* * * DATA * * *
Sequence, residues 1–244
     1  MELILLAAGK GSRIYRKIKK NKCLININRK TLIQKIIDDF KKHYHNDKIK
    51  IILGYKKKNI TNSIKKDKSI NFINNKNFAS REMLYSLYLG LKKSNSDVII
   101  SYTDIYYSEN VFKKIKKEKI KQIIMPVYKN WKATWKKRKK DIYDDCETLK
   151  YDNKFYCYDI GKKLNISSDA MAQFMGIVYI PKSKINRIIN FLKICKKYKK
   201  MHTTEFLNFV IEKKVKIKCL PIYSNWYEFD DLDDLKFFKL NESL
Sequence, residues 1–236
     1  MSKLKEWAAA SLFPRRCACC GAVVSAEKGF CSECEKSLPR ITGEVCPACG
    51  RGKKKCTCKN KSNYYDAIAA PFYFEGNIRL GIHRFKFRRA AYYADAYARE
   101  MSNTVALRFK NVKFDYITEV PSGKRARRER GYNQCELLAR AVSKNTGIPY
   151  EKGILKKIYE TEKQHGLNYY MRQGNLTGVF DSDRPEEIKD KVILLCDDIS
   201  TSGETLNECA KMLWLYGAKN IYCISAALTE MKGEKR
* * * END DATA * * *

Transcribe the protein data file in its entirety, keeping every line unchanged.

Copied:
Sequence, residues 1–244
     1  MELILLAAGK GSRIYRKIKK NKCLININRK TLIQKIIDDF KKHYHNDKIK
    51  IILGYKKKNI TNSIKKDKSI NFINNKNFAS REMLYSLYLG LKKSNSDVII
   101  SYTDIYYSEN VFKKIKKEKI KQIIMPVYKN WKATWKKRKK DIYDDCETLK
   151  YDNKFYCYDI GKKLNISSDA MAQFMGIVYI PKSKINRIIN FLKICKKYKK
   201  MHTTEFLNFV IEKKVKIKCL PIYSNWYEFD DLDDLKFFKL NESL
Sequence, residues 1–236
     1  MSKLKEWAAA SLFPRRCACC GAVVSAEKGF CSECEKSLPR ITGEVCPACG
    51  RGKKKCTCKN KSNYYDAIAA PFYFEGNIRL GIHRFKFRRA AYYADAYARE
   101  MSNTVALRFK NVKFDYITEV PSGKRARRER GYNQCELLAR AVSKNTGIPY
   151  EKGILKKIYE TEKQHGLNYY MRQGNLTGVF DSDRPEEIKD KVILLCDDIS
   201  TSGETLNECA KMLWLYGAKN IYCISAALTE MKGEKR